We are witnessing a replay of the post-GFC housing boom

CoreLogic has released its full dwelling values results for February, which confirmed that a synchronised boom has developed with every capital city market and Australia’s regions reporting strong price inflation.

The results are summarised in the table below:

The 2.1% price growth nationally was the strongest month-on-month increase since August 2003:

According to CoreLogic’s research director, Tim Lawless:

“The last time we saw a sustained period where every capital city and rest of state region was rising in value was mid-2009 through to early 2010, as post-GFC stimulus fueled buyer demand”.

The comparison with the post-GFC experience is apt given we witnessed similar conditions to now, namely:

  1. Cratering mortgage rates; and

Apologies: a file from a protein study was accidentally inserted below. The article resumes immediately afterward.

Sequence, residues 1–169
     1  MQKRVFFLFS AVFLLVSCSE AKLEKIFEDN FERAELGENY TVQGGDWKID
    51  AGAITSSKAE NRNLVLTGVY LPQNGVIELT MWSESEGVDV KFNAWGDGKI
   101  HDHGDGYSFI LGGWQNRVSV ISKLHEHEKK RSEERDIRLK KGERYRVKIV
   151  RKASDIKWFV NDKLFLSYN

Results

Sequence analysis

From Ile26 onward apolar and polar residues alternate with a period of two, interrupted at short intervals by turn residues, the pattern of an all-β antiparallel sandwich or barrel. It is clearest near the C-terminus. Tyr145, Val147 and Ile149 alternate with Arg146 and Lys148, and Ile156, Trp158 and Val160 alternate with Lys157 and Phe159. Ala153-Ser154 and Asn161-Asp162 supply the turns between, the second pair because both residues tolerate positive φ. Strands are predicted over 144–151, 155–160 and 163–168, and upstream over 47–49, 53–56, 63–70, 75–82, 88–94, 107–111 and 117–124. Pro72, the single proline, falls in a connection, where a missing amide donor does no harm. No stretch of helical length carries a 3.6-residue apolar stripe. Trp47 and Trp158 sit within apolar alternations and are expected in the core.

2. Massive household and housing stimulus.

Tim Lawless also believes the mismatch between supply and demand is another key factor pushing prices higher:

“Housing inventory is around record lows for this time of the year and buyer demand is well above average. These conditions favour sellers. Buyers are likely confronting a sense of FOMO which limits their ability to negotiate. Vendor discounting rates were estimated at a record low of 2.6% in February, and auction clearance rates have consistently been in the high 70% to low 80%, which is well above average.”

This dearth of housing stock is illustrated clearly in the next chart showing listings levels well below 2016 to 2020:

At the same time, house sales volumes are running way above the decade average:

The upshot is that “Australia’s housing market is now well entrenched in one of the strongest growth phases on record” driven by:

  • Record low mortgage rates;
  • Better than expected economy; and
  • Record low property supply.

Sure, there are headwinds ahead, including:

  • Reduction in fiscal support and the ending of mortgage holidays; and
  • Stalled immigration.

But overall, the ingredients are in place for a booming 2021, which will likely continue well into 2022.

Unconventional Economist
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